Gary Neville isn’t the only one who struggled to keep a lid on his emotions as Fernando Torres raced clear to secure Chelsea’s spot in the 2012 Champions League Final.
It remains, without a doubt, one of Chelsea’s greatest moments in their history, and one the Champions League’s most iconic stories.
A Didier Drogba goal in the first leg of this semi-final ensured Chelsea arrived at Camp Nou holding a slender 1-0 advantage. But Pep Guardiola’s Barça side remained favourites, and the manner in which the first half unfolded suggested Blues hearts were about to be shattered.
Gary Cahill limped off injured after 12 minutes and Barça took the lead through Sergio Busquets, before John Terry was sent off after 37 minutes for violent conduct. Iniesta put his side 2-0 up, and the tie looked beyond saving for Roberto Di Matteo’s men.
Ramires scored just before half-time with a superb 15-yard dink, and suddenly Chelsea led on away goals.
Considerable Barça pressure early in the second half culminated in Drogba conceding a penalty. Up stepped Lionel Messi, who crashed his effort against the bar. Might fate be on Chelsea’s side? Messi went onto hit the post, and Alexis Sanchez had a goal ruled out for offside.
Enter Torres, who replaced Drogba in the 80th minute. In injury time, with Barça piling on the pressure in search of the winner, the substitute was played through as he ran from the halfway line towards the Barcelona goal.
Round Victor Valdes he went, and the Spaniard rolled the ball into an empty net. 2-2 on the night, 3-2 on aggregate, and Chelsea’s passage to the Champions League final was signed, sealed and delivered in truly extraordinary fashion.
Key Talking Point
How, just how, did Barcelona not win this tie and reach the final? They had scored 100 goals at Camp Nou throughout the campaign to that point.
Messi had netted 14 times in Europe, and had 63 in all competitions. They were 2-0 up against Chelsea’s 10 men after 44 minutes. Even after Ramires pulled one back, Messi had the chance to make it 3-1 from the penalty spot.
But his Chelsea hoodoo continued, and the Blues made it four consecutive games unbeaten at Camp Nou – drawing each of them. But boy, Barcelona would have been kicking themselves – logic states they ought to have won the tie.
Barcelona Player Ratings
Starting XI: Valdes (5); Puyol (6), Pique (5), Mascherano (5); Busquets (7), Xavi (6), Iniesta (8*), Cuenca (7); Fabregas (6), Messi (7), Sanchez (7)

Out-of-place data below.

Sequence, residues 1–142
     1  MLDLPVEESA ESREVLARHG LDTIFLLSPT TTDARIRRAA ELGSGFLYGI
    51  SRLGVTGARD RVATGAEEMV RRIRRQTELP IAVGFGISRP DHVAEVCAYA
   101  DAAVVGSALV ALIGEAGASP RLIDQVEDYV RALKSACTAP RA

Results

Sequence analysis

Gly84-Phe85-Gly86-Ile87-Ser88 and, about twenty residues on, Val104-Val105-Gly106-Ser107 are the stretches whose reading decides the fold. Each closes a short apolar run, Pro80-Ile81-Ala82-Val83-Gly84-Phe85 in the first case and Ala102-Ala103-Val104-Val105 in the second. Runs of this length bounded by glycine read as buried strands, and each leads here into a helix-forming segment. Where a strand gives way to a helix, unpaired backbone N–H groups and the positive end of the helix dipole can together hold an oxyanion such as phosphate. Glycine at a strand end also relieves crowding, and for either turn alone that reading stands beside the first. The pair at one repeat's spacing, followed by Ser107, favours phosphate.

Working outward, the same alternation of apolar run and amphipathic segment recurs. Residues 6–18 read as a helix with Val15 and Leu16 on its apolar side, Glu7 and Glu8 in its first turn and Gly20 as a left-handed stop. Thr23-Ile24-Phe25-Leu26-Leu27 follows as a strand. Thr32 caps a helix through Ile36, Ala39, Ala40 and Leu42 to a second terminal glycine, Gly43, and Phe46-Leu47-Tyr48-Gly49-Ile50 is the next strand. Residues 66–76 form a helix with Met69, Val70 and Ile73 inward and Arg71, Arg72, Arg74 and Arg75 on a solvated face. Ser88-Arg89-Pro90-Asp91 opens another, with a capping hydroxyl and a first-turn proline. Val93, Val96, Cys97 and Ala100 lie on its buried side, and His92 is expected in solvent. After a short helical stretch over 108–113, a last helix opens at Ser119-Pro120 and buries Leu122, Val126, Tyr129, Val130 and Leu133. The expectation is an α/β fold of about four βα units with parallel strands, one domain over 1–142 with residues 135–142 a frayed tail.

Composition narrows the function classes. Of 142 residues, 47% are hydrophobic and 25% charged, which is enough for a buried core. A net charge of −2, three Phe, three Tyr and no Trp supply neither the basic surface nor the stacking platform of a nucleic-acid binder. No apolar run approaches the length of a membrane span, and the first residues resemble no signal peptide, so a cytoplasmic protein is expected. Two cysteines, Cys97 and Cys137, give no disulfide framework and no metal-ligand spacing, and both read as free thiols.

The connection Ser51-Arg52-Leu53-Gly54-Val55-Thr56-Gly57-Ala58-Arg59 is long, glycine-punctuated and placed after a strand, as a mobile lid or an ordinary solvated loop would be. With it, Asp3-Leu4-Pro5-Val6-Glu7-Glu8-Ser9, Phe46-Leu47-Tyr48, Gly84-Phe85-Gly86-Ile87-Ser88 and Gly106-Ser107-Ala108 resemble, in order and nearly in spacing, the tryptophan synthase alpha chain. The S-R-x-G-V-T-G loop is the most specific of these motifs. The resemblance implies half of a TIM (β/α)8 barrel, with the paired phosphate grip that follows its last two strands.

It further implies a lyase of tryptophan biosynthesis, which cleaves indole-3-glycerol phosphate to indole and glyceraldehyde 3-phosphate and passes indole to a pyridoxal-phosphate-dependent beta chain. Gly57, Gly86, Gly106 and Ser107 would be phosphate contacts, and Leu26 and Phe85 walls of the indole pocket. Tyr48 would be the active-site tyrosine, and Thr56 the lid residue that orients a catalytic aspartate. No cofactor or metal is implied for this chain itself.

Substitutes: Alves (7), Tello (5), Keita (5)
Iniesta proved a thorn in Chelsea’s side as he won the midfield battle for large parts of the tie. His delightfully composed finish put Barça 2-0 up, and we were all reminded of of his heroic last-gasp screamer at Stamford Bridge that sent them to the 2009 final.
Unfortunately for the Spaniard, it wasn’t to be this time round.
Key Talking Point
Sorry Chelsea fans, we have to ask how on earth you managed it.
Visiting Camp Nou is never easy. Add the red card to captain John Terry, the injury to Gary Cahill, and the 2-0 scoreline after 44 minutes. And yet…
By the end of the first half 2-1 up, by the end of the second half level on the night at 2-2, leading on aggregate. That was that. Chelsea into the final, and the many odds stacked against them well and truly defied.
Chelsea Player Ratings
Starting XI: Cech (8); Ivanovic (8), Cahill (5), Terry (2), Cole (7); Mikel (7), Meireles (7); Mata (6), Lampard (8); Ramires (8); Drogba (8).
Substitutes: Bosingwa (7), Kalou (6), Torres (9*)
Whatever we all think of Torres’ torrid time at Chelsea, there’s no denying that his late goal goes down as one Chelsea’s greatest ever moments.
As Torres was played through on goal, time really did stop. We could only watch as he rounded the keeper, and gave commentator Neville a true moment to savour for eternity.
It remains one of the great Champions League moments – Barça were bombarding Chelsea’s 10 men, who were close to breaking. But that Torres goal defied reality’s boundaries, and set the wheels in motion for a special European finale.
What Aged the Worst
Make no mistake, Barcelona were a top side that season. But after Chelsea knocked them out of the Champions League, and with rivals Real Madrid pipping them to the league title, the world’s greatest side of the last several years had been tamed.
Guardiola announced he would be leaving the Catalan club at the end of the season shortly after their semi-final heartbreak. Perhaps the straw that broke the camel’s back…
What Aged the Best
There’s no real way to try and describe the noise that Gary Neville made as he watched Torres roll the ball in to an empty net.
If you’re unfamiliar with this particularly moment of commentary, familiarise yourself with it. There’s nothing better than hearing Neville’s climactic squealing sequence. It’s one of the classic commentary moments.
Players You Completely Forgot Existed
Remember the Portuguese duo of Raul Meireles and José Bosingwa? Excellent. We thought you might have forgotten them!
What Happened Next
Well, Chelsea went onto the face Bayern Munich in the Champions League Final. We’ll leave that story for another day.
Barça were left with only the Copa del Rey to play for, and were soon left without Guardiola. All things considered, not an end to a season the club were accustomed to.
Would this have happened without Terry’s red card?
Why couldn’t Messi, at the peak of his powers, score against Chelsea?